PATIENTS with rheumatoid arthri- tis will benefit from quicker diag- nosis and more precise treatment thanks to a donation from the League of Friends. The League of Friends at both Maidstone and Tunbridge Wells hospitals has paid for two ultra- sound machines, each costing £40,000. Dr Amit Saha, clinical lead for rheumatology at both hospitals, said: “These machines will allow us to diagnose rheumatoid arthritis earlier and more accurately, which means we can start treatment sooner, giving better outcomes for our patients. “Early diagnosis and treatment

can prevent long-term damage and, in some cases, get patients into complete remission. “The ultrasound machines are portable so we can use them in clinic. As a result, patients can now be diagnosed and given a treatment plan at their appointment. “Being able to see the affected

area on screen will also help us ad- minister steroid injections more ac- curately as we can view precisely where the injection needs to be de- livered.”

POLICE issued a stern warning of the danger of throwing objects from road bridges after a car travelling in Snodlandwas hit with a brick. The incident happened between 9.45pm and 10pm when a brickwas thrown from a bridge on the A228 and hit the tailgate of a Vauxhall Meriva, denting it. Three people were seen standing

on whatwas believed to be the Roc- fort Road Bridge, which runs above the A228. Police are keen to hear

from anyone who may have wit- nessed the incident. Officers reminded people of the

fatal consequences which can be caused by throwing objects at any moving vehicles. In July 2010, a 47- year-old man died following a colli- sion involving a lorry and a pick-up truck on the A20 Swanley inter- change, after stones were thrown at the lorry. Police Sergeant Jo Mott said: “This was an incredibly stupid act and one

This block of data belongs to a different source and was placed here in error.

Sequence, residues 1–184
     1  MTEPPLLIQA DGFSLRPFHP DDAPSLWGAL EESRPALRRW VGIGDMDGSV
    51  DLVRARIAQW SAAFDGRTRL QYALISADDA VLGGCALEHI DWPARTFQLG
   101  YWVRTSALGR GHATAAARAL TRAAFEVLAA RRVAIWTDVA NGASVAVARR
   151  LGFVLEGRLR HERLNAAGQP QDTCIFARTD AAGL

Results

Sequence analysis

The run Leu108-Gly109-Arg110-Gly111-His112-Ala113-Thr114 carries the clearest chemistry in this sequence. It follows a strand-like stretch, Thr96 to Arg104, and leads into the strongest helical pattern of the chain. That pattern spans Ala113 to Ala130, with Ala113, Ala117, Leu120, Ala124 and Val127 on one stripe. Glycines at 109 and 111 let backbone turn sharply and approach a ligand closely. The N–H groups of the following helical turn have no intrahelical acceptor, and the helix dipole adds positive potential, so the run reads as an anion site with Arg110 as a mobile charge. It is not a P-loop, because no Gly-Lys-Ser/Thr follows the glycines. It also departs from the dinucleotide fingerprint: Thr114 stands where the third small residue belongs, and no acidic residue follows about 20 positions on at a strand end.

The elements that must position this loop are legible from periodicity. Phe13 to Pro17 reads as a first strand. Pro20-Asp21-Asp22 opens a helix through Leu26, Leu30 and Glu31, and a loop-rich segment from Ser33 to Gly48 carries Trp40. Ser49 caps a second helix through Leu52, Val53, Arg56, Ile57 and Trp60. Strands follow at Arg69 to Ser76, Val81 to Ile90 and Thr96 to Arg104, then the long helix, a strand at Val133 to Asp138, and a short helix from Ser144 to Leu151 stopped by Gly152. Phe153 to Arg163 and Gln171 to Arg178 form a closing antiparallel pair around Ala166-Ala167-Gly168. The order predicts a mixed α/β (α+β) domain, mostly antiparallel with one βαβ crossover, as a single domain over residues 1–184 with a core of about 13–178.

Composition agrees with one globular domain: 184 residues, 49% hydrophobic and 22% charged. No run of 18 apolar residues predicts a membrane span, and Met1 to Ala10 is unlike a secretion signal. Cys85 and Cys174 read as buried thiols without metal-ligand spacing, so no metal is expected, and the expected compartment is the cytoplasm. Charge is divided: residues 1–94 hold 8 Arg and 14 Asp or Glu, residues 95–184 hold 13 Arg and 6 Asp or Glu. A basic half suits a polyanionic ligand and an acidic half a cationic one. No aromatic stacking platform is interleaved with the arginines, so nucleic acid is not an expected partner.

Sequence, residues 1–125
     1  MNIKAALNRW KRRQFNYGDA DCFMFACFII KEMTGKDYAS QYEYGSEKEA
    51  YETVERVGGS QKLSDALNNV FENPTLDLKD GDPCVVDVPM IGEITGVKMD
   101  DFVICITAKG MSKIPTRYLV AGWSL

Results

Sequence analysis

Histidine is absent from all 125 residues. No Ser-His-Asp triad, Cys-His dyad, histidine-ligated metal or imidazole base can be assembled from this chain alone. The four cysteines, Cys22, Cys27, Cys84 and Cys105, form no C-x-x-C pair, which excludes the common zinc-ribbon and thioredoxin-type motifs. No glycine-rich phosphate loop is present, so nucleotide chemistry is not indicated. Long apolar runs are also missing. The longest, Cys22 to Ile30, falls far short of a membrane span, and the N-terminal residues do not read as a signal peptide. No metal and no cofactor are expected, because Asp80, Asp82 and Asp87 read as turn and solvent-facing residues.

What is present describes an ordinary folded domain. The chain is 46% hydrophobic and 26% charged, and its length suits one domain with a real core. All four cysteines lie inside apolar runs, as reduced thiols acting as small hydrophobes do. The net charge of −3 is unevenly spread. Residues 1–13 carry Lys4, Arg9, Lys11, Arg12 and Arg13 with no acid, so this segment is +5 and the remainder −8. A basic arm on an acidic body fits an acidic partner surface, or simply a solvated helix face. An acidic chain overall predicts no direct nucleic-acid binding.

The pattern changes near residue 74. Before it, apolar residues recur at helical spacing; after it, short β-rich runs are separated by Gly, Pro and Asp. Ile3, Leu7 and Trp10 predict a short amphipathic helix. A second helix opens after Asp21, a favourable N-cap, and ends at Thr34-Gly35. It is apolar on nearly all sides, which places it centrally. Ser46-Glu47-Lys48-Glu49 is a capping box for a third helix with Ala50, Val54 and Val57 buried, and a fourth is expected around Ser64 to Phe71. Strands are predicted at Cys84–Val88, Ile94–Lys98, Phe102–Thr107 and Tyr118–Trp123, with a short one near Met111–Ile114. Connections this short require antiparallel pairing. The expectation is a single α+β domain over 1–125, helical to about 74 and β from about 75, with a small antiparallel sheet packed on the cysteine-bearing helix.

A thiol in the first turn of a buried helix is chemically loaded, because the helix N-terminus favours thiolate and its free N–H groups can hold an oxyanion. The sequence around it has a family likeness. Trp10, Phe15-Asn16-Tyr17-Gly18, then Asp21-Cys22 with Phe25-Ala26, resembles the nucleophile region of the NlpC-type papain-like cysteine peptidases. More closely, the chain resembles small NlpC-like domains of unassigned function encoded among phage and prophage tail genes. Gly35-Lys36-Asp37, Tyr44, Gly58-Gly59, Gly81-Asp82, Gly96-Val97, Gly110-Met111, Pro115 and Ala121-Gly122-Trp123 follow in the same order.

of a number of recent reports of ob- jects being thrown from bridges, in- cluding incidents above the M20, between junctions 4 and 5. This brick could have struck the driver with disastrous consequences. Throwing something large from a bridge at a moving vehicle could easily kill someone.” Anyone with information is asked

to contact 101, quoting reference YY/5613/15 or call Kent Crimestop- pers anonymously on 0800 555 111.

May fayre date Work to start on new homes

WORK is expected to start in August on the first 152 homes at Peters Vil- lage on the bank of the River Med- way after approval was given by Tonbridge and Malling Council. Residents should be able to move

inby late2015to early 2016. The ap- plication is phase 1 of the scheme on the site of a former cement works nearWouldham and comprises two, three and four-bedroom houses and

apartments. The village will eventu- ally include 1,000 homes, a school, community centre, pub and open spaces.Work is underway on a bridge across the river to link up with the A228 near Snodland. Developer Trenport has submitted

an application to the borough coun- cil for phase two – the next 157 dwellings including 65 affordable homes.

ROLLupfor theMayFayre at Christ Church Hall, Malling Road, Snod- land on Saturday, May 22, when the fun includes stalls, games, a raffle and refreshments. The event runs from 11am to 2.30pm and admission is 20p for adults, children free. All money will go to the Christ Church Hall fundraising appeal.

Active over 55s LARKFIELD Active Retirement As- sociation membership is now open with lots of activities on offer for over 55s. The group meets at Lark- field village hall on the third Friday of the month. Contact Chris Baker on 01732 873705.

Malling April 2015 31